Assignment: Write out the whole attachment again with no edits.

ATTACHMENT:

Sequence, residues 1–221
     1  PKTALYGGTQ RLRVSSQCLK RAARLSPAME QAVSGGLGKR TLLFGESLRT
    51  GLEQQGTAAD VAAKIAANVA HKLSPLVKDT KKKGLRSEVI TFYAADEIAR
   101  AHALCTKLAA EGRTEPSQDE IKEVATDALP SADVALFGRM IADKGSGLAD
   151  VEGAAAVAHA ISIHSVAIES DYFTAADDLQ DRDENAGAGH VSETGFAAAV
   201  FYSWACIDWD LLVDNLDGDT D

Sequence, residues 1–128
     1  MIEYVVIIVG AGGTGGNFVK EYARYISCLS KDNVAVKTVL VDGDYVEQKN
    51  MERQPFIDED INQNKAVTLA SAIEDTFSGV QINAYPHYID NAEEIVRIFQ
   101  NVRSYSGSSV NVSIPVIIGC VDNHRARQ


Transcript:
Sequence, residues 1–221
     1  PKTALYGGTQ RLRVSSQCLK RAARLSPAME QAVSGGLGKR TLLFGESLRT
    51  GLEQQGTAAD VAAKIAANVA HKLSPLVKDT KKKGLRSEVI TFYAADEIAR
   101  AHALCTKLAA EGRTEPSQDE IKEVATDALP SADVALFGRM IADKGSGLAD
   151  VEGAAAVAHA ISIHSVAIES DYFTAADDLQ DRDENAGAGH VSETGFAAAV
   201  FYSWACIDWD LLVDNLDGDT D

Sequence, residues 1–128
     1  MIEYVVIIVG AGGTGGNFVK EYARYISCLS KDNVAVKTVL VDGDYVEQKN
    51  MERQPFIDED INQNKAVTLA SAIEDTFSGV QINAYPHYID NAEEIVRIFQ
   101  NVRSYSGSSV NVSIPVIIGC VDNHRARQ